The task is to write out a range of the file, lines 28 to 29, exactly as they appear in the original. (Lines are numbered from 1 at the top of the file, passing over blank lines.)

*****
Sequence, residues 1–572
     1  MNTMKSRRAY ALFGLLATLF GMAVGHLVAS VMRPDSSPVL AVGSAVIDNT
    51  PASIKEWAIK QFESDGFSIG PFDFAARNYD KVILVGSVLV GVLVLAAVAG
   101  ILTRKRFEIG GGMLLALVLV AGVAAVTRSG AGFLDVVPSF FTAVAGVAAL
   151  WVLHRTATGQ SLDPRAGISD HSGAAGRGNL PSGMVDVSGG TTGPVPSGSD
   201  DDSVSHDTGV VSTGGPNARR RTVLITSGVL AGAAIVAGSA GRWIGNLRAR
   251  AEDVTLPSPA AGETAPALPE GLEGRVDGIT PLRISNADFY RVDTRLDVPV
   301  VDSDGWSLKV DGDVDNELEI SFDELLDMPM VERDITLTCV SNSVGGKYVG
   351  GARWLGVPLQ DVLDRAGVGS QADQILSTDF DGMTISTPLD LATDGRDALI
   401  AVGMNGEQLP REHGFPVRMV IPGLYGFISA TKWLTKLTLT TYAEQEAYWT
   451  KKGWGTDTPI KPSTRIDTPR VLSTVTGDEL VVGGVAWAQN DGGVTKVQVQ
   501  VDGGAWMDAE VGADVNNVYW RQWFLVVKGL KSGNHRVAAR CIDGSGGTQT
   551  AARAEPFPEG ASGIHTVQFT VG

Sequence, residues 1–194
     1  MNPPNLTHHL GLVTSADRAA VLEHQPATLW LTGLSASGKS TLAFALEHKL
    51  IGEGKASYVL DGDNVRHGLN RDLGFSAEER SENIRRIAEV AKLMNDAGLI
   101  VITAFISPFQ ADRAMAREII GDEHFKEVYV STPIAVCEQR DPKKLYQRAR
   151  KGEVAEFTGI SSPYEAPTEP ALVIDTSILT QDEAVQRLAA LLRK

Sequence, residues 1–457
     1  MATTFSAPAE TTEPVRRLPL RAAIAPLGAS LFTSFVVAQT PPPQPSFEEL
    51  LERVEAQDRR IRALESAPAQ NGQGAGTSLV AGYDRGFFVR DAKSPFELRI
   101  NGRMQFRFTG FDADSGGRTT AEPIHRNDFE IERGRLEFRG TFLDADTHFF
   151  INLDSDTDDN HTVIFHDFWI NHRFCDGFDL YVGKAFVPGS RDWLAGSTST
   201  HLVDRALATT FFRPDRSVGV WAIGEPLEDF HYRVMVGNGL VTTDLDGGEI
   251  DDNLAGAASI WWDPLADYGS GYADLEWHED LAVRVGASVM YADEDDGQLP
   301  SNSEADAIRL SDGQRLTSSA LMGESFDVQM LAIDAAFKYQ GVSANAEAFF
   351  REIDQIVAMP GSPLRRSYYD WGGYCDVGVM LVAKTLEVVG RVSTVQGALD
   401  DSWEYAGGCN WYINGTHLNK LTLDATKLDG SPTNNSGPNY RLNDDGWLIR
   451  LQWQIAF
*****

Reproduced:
   401  DSWEYAGGCN WYINGTHLNK LTLDATKLDG SPTNNSGPNY RLNDDGWLIR
   451  LQWQIAF